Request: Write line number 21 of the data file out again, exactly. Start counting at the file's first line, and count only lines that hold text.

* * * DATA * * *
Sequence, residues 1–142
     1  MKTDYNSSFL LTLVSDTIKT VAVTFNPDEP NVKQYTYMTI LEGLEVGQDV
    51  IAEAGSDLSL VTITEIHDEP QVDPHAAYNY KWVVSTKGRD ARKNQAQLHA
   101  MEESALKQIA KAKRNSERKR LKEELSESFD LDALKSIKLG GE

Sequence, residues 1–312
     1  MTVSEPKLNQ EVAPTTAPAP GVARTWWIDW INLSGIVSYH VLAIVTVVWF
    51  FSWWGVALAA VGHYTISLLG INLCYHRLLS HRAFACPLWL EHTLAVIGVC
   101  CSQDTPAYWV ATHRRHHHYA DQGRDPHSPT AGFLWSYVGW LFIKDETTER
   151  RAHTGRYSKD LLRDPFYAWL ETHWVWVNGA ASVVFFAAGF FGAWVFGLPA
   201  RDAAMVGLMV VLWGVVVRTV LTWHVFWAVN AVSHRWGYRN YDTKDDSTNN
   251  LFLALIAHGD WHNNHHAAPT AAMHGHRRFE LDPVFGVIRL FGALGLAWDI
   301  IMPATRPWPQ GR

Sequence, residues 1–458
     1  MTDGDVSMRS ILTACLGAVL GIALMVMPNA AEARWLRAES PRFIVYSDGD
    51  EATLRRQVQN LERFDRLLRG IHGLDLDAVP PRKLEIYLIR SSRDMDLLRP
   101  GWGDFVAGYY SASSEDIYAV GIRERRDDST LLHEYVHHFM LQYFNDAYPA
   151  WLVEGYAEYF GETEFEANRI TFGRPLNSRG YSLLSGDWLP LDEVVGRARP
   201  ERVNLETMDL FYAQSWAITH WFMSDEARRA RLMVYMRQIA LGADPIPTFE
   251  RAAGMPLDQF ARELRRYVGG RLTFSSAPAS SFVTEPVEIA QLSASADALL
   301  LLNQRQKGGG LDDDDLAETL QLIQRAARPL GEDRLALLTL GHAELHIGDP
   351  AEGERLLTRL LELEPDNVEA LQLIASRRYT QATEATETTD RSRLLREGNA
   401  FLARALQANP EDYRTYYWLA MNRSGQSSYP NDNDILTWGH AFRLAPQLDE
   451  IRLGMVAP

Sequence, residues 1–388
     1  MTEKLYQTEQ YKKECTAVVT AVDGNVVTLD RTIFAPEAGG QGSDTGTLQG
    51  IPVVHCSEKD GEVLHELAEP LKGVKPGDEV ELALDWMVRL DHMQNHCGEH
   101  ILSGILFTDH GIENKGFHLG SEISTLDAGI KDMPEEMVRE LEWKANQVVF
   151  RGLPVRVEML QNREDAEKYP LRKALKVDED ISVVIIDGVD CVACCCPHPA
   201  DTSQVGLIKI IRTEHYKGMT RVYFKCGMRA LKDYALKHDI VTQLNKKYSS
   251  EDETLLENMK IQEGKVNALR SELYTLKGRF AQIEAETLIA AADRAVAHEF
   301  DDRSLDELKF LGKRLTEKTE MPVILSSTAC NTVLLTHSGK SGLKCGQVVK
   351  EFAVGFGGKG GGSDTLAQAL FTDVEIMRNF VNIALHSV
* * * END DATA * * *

   351  AEGERLLTRL LELEPDNVEA LQLIASRRYT QATEATETTD RSRLLREGNA